The Davenport program also provided incentives to keep students pursuing additional certificates that stack up to build credentials. As a result, Gwynn has earned two certificates and an associate degree.
Gwynn also was named a Davenport fellow, one of three in the state chosen from among the early childhood education students who took part in the initial Davenport program. Fellows receive all costs of tuition, books, supplies and other expenses for their second year in the early childhood education program; attend conferences and training programs; and perform 20 hours of community service a year.
Kim P. Gregory, director of the Davenport Institute at PHCC, said the fellows attended an event in Richmond last July and a leadership event in February where they went to a session of the General Assembly, were introduced in the Senate chambers, met a legislator and attended a reception.
“Savanna is high energy. She represented us very well,” Gregory said. “She is truly serving as an ambassador for the (Davenport) program and early childhood education professionals.”
Dulaney added that the purpose of the fellows is to “create leaders in the field who advocate for early childhood education.”
She noted that Gwynn has grown in confidence and commitment as a result of her training and experiences.
“When I first met her, she was (saying), ‘I don’t know if I can come back.’ She had taken classes and not done so well,” Dulaney said. But when she saw her recently, Gwynn was emphatic that she had to do well in a biology class to keep her 4.0 GPA, Dulaney added.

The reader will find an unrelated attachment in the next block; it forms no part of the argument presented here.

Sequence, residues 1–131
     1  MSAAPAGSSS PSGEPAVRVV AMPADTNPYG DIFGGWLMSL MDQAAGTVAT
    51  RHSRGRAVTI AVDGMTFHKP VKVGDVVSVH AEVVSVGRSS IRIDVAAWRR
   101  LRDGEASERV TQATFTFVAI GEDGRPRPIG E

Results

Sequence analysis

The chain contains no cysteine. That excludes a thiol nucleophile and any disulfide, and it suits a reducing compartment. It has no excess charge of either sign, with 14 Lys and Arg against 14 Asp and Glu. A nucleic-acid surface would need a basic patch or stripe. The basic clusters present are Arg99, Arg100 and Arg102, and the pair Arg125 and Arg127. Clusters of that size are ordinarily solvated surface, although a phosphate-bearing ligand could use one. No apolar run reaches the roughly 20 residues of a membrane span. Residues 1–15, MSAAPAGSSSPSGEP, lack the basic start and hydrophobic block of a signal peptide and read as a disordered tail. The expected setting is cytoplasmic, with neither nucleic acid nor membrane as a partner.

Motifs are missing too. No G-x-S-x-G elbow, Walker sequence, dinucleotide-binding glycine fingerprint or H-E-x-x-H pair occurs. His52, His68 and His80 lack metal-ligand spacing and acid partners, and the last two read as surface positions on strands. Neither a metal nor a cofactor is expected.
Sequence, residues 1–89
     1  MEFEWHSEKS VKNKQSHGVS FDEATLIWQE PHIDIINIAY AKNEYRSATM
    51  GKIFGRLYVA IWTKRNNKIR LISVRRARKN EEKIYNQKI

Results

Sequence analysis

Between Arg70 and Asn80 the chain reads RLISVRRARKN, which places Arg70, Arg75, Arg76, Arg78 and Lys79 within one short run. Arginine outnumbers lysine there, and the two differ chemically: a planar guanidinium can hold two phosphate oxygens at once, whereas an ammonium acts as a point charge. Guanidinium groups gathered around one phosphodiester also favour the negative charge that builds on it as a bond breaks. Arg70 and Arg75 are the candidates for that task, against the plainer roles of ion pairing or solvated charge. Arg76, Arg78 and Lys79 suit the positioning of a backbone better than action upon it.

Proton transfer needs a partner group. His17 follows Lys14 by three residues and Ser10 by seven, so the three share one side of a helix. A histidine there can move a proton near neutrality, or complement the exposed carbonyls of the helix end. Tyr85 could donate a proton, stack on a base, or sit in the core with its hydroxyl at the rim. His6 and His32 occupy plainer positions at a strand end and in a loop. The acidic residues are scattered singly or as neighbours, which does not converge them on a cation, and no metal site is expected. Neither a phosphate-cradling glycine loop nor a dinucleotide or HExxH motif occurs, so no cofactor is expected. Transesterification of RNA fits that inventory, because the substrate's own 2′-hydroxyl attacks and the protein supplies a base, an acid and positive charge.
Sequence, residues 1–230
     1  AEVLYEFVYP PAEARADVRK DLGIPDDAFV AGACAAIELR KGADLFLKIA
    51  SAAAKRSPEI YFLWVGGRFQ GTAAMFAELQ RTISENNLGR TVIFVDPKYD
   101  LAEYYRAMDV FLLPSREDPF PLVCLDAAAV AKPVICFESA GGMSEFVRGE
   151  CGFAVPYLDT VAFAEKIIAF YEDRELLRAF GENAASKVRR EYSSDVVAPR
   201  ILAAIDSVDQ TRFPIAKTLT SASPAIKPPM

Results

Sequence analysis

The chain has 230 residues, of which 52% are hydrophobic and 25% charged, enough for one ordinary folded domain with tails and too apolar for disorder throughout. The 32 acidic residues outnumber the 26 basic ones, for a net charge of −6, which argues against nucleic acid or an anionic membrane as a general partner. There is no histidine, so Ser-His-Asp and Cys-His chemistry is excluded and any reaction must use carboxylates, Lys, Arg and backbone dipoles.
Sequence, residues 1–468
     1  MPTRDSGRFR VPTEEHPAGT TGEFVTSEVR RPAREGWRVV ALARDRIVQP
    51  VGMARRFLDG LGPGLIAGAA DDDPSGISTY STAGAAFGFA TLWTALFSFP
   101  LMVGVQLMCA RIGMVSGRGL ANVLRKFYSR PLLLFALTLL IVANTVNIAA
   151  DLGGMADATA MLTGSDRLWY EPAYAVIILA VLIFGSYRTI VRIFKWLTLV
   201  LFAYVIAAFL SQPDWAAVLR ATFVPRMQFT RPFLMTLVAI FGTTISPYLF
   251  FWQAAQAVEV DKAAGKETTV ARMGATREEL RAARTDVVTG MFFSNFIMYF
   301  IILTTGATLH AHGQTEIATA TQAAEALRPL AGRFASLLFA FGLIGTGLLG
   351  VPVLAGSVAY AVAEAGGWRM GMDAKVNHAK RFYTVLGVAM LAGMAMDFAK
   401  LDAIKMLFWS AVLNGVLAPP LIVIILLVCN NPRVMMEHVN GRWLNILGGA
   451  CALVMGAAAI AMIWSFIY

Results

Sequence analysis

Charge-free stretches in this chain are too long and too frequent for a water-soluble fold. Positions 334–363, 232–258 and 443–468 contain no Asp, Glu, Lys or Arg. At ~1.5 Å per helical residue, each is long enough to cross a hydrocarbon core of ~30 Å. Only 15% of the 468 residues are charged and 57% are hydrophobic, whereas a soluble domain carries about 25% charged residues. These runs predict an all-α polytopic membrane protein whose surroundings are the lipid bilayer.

“Seeing that growth in her I know she’s a really good person to be in the leadership program. … I have no doubt she’ll be amazing and be a wonderful teacher,” Dulaney added.
Gwynn also is taking advantage of the 2 plus 2 program. Dulaney explained that in the past, four-year colleges and universities did not accept transfers of early childhood education credits from community colleges toward bachelor’s degrees. After 2 1/2 years of working to tweak the program, that is changing and JMU will accept the credits, Dulaney said.
The two-year JMU program is entirely online, which is a blessing for Gwynn. If she had to move to attend college, she would have to leave her job at the YMCA and family members who help care for her children when she is working or at school.
After earning her degree and license, she hopes to teach in an area school system.
“I want to be the one (teacher) they remember,” she said. “I want to get wedding invitations” from former students who remember her.
Gwynn credits Dulaney and the programs through PHCC for her success, as well as the YMCA for encouraging and helping her and her coworkers. In return, “it looks good on them to have high quality child care,” she said the YMCA.
If Gwynn had not been exposed to any of that, “I probably still would be here at the Y trying to make an impact where I could … and enjoying life as much as I could but still longing to be in the classroom. Without an education, what if the Y closed? There would be no other opportunity.
“I really want to better myself. This is an amazing job but I want to be able to tell my kids ‘I did this. You can, too’,” she said.
And she has advice for others who are struggling.
“Just know anything is possible. You have to reach down and try and get that support. Try to stay positive even if you  have bad days,” she said, adding that with work, school and motherhood, “stress gets to  you. There’s not a lot of time for yourself, but it’s possible” to succeed.